So the best argument against the FMA is not the one I hear banded about these days-- that we shouldn't tinker with the Constitution. The best argument is that we shouldn't tinker with it in this particular manner. We shouldn't tinker with it in ways that reflect a parochial concern with a particular substantive issue that is also, in my opinon, unjust, and we certainly shouldn't tinker with it in ways that we may be sorry about later on.

Popular attitudes about homosexuality are currently in flux. Attempting to lock in a particular view about homosexuality now would be just as unjust as an amendment that said the following in the wake of the Court's 1954 decision in Brown v. Board of Education:

Neither this Constitution, nor the Constitution of any State, shall be construed by any state or federal judge to prohibit laws preventing or regulating comingling, marriage, or sexual relations between persons of different races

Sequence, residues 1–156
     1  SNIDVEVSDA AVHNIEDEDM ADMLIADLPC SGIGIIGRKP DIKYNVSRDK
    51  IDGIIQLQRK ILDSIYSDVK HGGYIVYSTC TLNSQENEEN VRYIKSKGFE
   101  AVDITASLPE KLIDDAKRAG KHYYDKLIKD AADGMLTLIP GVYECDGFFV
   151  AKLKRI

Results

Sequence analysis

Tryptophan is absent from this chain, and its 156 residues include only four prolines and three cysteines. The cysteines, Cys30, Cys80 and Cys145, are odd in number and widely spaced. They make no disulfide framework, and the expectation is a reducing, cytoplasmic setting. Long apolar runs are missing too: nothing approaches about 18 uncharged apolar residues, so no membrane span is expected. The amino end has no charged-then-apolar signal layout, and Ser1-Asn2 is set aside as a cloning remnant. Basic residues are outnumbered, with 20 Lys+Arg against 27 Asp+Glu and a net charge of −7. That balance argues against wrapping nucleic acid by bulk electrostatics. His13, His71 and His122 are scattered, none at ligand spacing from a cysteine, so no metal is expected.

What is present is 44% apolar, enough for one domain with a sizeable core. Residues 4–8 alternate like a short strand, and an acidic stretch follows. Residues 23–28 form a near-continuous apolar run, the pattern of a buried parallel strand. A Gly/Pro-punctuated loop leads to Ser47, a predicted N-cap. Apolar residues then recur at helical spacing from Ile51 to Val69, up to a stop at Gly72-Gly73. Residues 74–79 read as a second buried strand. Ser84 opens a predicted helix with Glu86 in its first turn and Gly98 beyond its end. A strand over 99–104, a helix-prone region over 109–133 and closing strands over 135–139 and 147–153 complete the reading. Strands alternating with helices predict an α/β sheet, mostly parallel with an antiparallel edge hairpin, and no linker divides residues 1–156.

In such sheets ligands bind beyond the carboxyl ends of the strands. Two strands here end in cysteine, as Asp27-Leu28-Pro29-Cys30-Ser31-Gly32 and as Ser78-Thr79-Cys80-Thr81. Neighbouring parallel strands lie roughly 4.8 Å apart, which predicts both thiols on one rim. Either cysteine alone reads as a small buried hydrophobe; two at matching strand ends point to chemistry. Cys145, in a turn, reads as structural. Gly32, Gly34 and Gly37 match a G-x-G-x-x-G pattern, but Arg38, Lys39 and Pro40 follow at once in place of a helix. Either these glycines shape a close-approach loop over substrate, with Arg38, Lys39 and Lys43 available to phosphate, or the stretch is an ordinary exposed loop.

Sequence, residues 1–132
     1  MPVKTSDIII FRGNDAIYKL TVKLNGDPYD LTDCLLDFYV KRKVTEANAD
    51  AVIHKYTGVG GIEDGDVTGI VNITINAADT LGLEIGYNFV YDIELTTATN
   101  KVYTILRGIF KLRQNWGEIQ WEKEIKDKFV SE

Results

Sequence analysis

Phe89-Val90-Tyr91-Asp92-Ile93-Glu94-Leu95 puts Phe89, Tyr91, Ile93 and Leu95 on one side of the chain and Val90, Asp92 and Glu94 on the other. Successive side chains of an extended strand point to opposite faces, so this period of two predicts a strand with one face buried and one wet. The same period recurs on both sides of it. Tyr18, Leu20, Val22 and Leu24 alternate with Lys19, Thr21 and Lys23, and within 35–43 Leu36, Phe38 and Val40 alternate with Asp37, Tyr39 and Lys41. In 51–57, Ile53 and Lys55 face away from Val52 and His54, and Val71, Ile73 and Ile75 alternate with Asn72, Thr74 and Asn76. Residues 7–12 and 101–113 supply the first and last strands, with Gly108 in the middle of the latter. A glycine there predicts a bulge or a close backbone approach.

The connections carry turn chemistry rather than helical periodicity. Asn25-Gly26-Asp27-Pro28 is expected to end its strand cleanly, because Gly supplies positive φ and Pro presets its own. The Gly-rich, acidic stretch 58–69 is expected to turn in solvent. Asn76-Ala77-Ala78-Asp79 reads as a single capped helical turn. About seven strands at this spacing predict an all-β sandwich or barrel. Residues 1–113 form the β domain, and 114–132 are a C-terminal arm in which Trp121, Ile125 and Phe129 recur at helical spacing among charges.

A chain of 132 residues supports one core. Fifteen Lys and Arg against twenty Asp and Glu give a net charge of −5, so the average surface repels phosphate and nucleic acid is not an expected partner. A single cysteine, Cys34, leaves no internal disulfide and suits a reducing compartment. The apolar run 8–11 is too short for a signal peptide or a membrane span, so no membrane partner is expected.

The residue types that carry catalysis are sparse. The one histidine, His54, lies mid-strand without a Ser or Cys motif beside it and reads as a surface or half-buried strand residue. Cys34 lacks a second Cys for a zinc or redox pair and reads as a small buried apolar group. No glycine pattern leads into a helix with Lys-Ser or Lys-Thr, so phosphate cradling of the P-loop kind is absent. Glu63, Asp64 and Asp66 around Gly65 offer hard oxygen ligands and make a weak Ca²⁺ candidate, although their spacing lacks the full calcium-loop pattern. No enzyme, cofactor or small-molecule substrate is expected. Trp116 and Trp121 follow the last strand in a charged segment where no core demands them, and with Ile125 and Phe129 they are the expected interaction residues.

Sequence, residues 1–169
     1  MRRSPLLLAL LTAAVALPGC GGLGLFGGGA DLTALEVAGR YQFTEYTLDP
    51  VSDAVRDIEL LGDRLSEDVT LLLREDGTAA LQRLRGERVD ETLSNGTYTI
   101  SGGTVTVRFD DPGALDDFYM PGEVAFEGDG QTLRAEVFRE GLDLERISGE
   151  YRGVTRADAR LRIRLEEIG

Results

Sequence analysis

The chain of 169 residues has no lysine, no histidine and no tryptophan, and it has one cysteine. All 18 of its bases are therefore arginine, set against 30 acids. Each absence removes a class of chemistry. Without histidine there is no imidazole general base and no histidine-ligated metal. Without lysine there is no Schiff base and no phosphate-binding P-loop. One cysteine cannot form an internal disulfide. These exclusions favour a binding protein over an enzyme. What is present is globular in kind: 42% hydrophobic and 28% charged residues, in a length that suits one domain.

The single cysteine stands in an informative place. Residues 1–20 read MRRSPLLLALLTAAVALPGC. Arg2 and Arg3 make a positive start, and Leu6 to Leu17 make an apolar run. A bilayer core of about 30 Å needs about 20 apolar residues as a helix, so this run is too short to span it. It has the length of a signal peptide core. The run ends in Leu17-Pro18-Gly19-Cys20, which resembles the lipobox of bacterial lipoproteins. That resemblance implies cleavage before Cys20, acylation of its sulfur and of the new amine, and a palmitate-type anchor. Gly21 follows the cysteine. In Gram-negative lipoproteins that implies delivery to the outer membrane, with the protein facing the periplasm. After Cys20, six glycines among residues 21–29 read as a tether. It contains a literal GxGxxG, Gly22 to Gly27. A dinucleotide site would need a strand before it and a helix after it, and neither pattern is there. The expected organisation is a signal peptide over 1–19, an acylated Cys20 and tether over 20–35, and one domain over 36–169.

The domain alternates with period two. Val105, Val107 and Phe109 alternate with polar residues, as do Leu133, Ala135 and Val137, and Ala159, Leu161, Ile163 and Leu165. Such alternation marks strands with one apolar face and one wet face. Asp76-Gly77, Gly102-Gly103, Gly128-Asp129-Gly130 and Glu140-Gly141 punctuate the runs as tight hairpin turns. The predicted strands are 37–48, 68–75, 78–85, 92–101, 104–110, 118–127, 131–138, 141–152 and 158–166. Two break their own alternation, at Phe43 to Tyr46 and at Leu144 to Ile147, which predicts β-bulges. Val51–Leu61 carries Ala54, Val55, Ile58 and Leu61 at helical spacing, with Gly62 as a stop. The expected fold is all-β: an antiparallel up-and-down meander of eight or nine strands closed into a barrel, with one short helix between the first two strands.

I suspect that such an amendment might have had a decent shot at passage in 1954. Most people, even in the North, thought that interracial marriage was not a civil right, and certainly they believed that sex between people of different races outside of marriage was not a civil right. However, by 1967, the Supreme Court, reflecting a revolution in attitudes about racial equality, did hold that laws prohibiting interracial marriage violated the Equal Protection Clause of the Fourteenth Amendment in a case called Loving v. Virginia. (The same case, by the way, held that marriage was a fundamental right protected by our Constitution). And the point is that Loving was not opposed to emerging norms about racial equality. Rather, it reflected them.